An Australian mother is outraged after a teacher shaved her 14-year-old daughter's armpits without her permission in front of other girls in a classroom. The teacher has defended her actions, calling them just "part of the curriculum" and reportedly saying that the girl would get picked on if she didn't do it.
Melissa Woods told radio station 3AW that her daughter, Taylah, was "extremely upset" by the incident. The teen, who has the condition microcephaly as well as developmental delays and ADHD, is enrolled in a special life skills program at a school in Victoria, Australia. Learning how to shave is in fact included as one of the components of the independent living curriculum, though school principal Libby Hosking told the Sydney Morning Herald that shaving is not required, but rather "just an option." Hosking also claims that the school got consent, though Woods asserts that she did not grant the school permission and that her daughter had previously expressed that she did not want to shave.
"She's seen me do it and she's told me before this happened that 'I don't want to do it,'" Woods told 3AW. She also said that the incident was "invading her [daughter's] rights as a person to decide whether or not she wants to get it done or not."
The school apologized for the lack of permission slip, but not for the shaving itself.
Here we go again.
Whether it's being forbidden from wearing leggings because they distract male classmates, having yearbook portraits photoshopped to show less skin, or now being involuntarily shaven before classmates, girls cannot catch a break when it comes to having control over their own bodies. In teaching girls that their natural bodies are shameful, embarrassing and in need of regulation, these schools are sending some spectacularly disempowering messages.
The saddest part of this whole fiasco is that Taylah's teacher, unfortunately, had a point — she very well may have been picked on for refusing to comply with current beauty standards. While that doesn't excuse the teacher's behavior, it highlights how restrictive our societal perceptions of beauty have become. (And, no, this was not done for hygienic reasons; if it had been, then it would have made sense to shave the boys, too.)
Women have been removing their body hair for thousands of years, but sleeker underarms became a widespread beauty standard only in the last hundred or so. Gilette is considered largely responsible for kicking off the hair removal revolution with its first razor marketed towards women in 1915: the Milady Decolleté. The rise of sleeveless dresses bolstered the trend, and more and more companies began marketing the concept of hairlessness as beauty to women.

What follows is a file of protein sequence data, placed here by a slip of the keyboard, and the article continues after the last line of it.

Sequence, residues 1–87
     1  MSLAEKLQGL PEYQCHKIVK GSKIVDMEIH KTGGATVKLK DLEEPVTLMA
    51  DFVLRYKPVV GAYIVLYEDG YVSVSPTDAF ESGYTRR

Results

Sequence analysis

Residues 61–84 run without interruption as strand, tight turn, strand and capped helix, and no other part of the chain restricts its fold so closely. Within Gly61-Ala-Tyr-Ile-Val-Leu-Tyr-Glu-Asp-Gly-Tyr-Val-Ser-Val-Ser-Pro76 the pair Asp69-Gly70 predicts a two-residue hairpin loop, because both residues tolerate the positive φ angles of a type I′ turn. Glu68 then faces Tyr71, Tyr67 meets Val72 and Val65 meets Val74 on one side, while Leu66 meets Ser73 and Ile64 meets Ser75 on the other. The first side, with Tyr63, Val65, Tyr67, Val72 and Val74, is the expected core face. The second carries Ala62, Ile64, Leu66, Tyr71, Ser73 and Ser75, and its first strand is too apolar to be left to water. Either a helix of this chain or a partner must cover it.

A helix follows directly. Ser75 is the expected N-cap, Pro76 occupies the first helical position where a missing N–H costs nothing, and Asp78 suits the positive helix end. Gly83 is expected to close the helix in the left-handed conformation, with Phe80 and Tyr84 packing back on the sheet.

As with all trends, societal tolerance of visible armpit hair seems to come in waves. Fifteen years ago, Julia Roberts made tabloid headlines for proudly showing off her own natural underarm at the Notting Hill premiere.
Image Credit: Getty
Still, it's clear that by and large, savvy marketing by hair removal companies has entrenched the notion that visible body hair on women should be a source of cultural discomfort. That's why it's important to remember that the need to shave is entirely arbitrary, and, more importantly, that women have a choice — a real choice — when it comes to anything that involves their bodies.
"the only thing to do upon seeing a story this weird is to continue to push the idea out into the world, where it may be seen by girls everywhere who are being force-fed the opposite message.
hey girl...you do have a choice.
and the choice should not be a bullshit-lip-service choice — one that every woman claims to have but doesn't actually feel deep down because they're truly afraid of raised eyebrows if they lift their arms up in a sleeveless dress.
it should be a real, actual choice.
I hope we get to point in my lifetime where people give no actual fuck.
we'll get there someday."